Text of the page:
Started at the Bastille at 1100 so that the planet would have some time to warm up. Often on Sundays S. and I will ride to places that present too much automobile traffic on other days to take mural photos, but today was not a day for stopping, lollygagging and skylarking; rather, today was a day for pedaling and keeping warm, harumphh harumphh.
We rode out to Millvale, crossed the Allegheny River using the 40th Street Bridge, then stopped to take another look at the new Doughboy Square mural under said bridge, adjacent to the National Robotics Engineering Center. (That juxtaposition is kind of essential to grokking this mural.)
This is how Doughboy Square (which is shaped like a triangle, nevermind) in Lawrenceville looked to me, this morning when I took this photo:
When I look at the soldier I see the gas mask, the leggings, and the bayonet, and I think about mustard gas, trench warfare, and mass-produced slaughter and now it's 100 years later and what have we learned? Ah well.
The mural was designed by Ben Grocholsky and Elise Gatti of the National Robotics Engineering Center, and was painted by Richard Washek. The next photo (below) is the designer's concept of the mural, projected onto a photo of the bridge. It's what a robot would see when it enters Lawrenceville's Doughboy Square and scans the environment. In other words, it's a robot's perception of Doughboy Square.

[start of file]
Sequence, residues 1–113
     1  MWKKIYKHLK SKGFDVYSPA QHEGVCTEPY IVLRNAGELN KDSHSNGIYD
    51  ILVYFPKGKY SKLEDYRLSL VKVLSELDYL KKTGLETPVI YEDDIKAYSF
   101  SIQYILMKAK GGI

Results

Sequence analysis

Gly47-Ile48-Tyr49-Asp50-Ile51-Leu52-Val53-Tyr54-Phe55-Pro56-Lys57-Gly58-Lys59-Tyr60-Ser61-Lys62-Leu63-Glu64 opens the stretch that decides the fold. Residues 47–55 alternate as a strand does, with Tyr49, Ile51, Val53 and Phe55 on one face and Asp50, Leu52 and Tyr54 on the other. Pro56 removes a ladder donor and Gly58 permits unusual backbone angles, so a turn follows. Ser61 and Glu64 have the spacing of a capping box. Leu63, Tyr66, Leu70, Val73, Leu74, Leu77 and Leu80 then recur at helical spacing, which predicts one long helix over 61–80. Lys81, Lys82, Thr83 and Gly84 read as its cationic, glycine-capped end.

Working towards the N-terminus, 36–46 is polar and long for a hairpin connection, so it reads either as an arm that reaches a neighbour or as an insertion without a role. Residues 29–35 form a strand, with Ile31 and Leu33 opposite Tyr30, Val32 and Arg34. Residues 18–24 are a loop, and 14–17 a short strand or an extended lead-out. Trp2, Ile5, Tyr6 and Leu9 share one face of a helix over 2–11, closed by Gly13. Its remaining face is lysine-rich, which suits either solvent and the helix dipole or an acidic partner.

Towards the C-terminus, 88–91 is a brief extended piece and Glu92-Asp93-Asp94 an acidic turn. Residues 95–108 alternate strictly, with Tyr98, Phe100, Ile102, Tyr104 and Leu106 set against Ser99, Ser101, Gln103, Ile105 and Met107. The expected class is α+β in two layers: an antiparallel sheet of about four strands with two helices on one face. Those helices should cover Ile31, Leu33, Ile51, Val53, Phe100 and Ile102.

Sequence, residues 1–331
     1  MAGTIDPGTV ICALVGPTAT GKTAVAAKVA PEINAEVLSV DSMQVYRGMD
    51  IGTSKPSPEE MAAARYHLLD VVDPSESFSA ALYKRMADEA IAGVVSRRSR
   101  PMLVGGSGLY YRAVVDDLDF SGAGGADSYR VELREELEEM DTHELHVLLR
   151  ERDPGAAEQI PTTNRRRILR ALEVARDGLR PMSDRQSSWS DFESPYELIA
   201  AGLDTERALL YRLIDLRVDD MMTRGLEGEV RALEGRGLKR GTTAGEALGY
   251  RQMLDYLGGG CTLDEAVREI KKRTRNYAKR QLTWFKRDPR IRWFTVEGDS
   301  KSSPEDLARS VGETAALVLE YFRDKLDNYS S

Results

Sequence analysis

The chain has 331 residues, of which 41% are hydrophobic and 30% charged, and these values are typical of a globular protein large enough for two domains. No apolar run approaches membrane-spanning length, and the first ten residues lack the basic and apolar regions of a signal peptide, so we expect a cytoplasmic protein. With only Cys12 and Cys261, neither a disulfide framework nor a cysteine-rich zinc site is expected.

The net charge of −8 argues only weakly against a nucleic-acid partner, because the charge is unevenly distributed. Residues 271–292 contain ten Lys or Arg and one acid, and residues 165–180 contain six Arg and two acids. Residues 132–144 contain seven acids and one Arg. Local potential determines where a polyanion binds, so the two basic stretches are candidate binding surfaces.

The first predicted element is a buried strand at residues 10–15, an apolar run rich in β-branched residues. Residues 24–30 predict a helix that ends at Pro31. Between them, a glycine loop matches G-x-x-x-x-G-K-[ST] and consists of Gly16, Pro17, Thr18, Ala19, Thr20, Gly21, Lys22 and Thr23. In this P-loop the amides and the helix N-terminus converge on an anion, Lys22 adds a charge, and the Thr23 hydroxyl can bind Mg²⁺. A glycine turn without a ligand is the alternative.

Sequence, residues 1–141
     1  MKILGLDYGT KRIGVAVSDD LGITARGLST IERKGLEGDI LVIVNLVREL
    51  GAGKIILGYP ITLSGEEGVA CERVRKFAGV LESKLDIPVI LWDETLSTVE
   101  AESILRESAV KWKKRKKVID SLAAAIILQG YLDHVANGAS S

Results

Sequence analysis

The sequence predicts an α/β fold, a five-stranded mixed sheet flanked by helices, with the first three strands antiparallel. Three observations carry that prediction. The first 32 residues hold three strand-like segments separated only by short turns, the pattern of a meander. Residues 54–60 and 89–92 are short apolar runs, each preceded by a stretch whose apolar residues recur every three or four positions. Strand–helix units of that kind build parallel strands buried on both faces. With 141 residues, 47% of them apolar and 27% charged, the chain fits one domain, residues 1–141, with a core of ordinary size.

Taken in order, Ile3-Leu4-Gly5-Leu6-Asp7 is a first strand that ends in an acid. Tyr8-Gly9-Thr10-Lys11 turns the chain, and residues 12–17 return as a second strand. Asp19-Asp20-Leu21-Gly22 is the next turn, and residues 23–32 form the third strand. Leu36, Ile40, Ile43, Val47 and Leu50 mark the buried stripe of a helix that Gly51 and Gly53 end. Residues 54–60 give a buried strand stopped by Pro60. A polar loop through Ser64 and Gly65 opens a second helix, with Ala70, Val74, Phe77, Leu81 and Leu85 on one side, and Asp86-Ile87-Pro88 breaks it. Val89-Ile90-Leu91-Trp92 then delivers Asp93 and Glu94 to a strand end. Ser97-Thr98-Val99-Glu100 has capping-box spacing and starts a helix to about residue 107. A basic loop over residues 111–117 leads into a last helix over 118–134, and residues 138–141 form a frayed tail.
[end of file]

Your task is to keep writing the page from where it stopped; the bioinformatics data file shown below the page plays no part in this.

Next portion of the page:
How cool is that? This was a photo of the work in progress:
And this is the final work:
I'm not sure how perfectly the intent is conveyed, and probably the persistence of the kayak rack is aesthetically suboptimal. But if the role of art is to present routine, known things in a new perspective, and if the essence of Lawrenceville is a historic community shifting into cutting-edge technologies, then this is a completely appropriate piece of art for this place and time (in case you were wondering).
Came across this in the Strip District, I believe it's a formation flight delivering Guinness:
Also in the strip, the mural at Kelly O's Diner is coming closer to completion:
Rode to Point State Park, the Jail Trail, Hot Metal Bridge. Stopped at Big Dog Coffee and it seemed like the sun came out; rode down to Keystone Metals, the Station Square Trail, and back to the cars which were still there. 28 miles on a pleasantly surprising day. (6417+28=6445 ytd)